Thursday, April 30, 2009

Behind the Scenes

While a theatrical performance is meant to convey the playwright’s words to the audience, the process leading up to a show can mean many different things for the cast and crew. Those of us who are living and breathing The Conversion of Ka‘ahumanu, particularly now as we near the first performance, have made different connections to the play than a first-time audience might. As we continue on this journey I’d like to share with you how The Conversion of Ka‘ahumanu is impacting the people who are working to bring Ms. Kneubuhl’s words to life.

Meghan Williams – Production Assistant

Being involved with The Conversion of Ka‘ahumanu has afforded me the opportunity to work in programming at NMAI. In that sense the play represents something bigger than the actual work of putting on the production. I’ve just completed my Master’s in Museum Studies and I focused on programming and education with a research interest in Aboriginal representation in museums. I also have experience in theater and this internship combines all these things. I literally did a dance when I got accepted to come here, and I love every day of it. This museum truly is a wonderful place to work.

What I connect to most about the play is that it deals with a well documented historical period in a different way. By showing us how contact may have looked for female characters, Victoria offers us a refreshing perspective. The play is not a complete picture of the time, nor does it claim historical accuracy, but it does offer a realistic possibility of what may have happened between the women involved. I’m always interested in the untold stories behind mainstream versions, which is what this play provides. Although ironically, in The Conversion of Ka‘ahumanu the untold story is the mainstream account of history. I like that twist.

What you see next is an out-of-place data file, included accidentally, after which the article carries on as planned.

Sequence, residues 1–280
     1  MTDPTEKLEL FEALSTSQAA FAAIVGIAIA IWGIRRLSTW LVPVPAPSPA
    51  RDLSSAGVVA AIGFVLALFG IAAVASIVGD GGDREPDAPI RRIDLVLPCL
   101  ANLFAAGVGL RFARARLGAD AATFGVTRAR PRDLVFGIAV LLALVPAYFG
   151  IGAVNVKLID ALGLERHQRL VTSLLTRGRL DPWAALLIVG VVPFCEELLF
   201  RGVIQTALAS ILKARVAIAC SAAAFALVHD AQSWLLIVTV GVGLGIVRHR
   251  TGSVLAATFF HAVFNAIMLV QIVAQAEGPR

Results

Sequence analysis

Tuesday, April 28, 2009

Hawaiian Organizations in Washington, DC

The following are descriptions of, and links to, local Hawaiian organizations:

Hawaii State Society of Washington DC

Hawaii State Society (HSS) serves as a bridge between Hawai'i and the Washington, D.C. community, and supports other organizations promoting the best interests of the State of Hawai'i. HSS brings together individuals and groups in a true `ohana (family) atmosphere, providing opportunities for friendship, sharing, support, and networking among its members. HSS is a social organization, dedicated to perpetuating the diverse cultures and traditions of Hawai'i's people.

Office of Hawaiian Affairs

The Office of Hawaiian Affairs (OHA’s) mission is to mālama (protect) Hawai'i's people and environmental resources and OHA's assets, toward ensuring the perpetuation of the culture, the enhancement of lifestyle and the protection of entitlements of Native Hawaiians, while enabling the building of a strong and healthy Hawaiian people and nation, recognized nationally and internationally.

Smithsonian Asian Pacific American Program

The Smithsonian Institution, the nation's premier complex of museums, has embarked on an historic journey to incorporate the meaningful elements of Asian Pacific American (APA) heritages into its museum and offices.
Today the Smithsonian Asian Pacific American Program works to better reflect the APA experience in Smithsonian exhibitions, programs, and research. It therefore improves the public's appreciation of the crucial roles that Asian Pacific Americans have played in American history and, simultaneously, empowers APA communities in their sense of inclusion within our national culture.

Tuesday, April 21, 2009

Missionary Women

It has been said that the lives of happy women –like happy nations– are never written.

– H. A. Carter, Kaahumanu, 1899.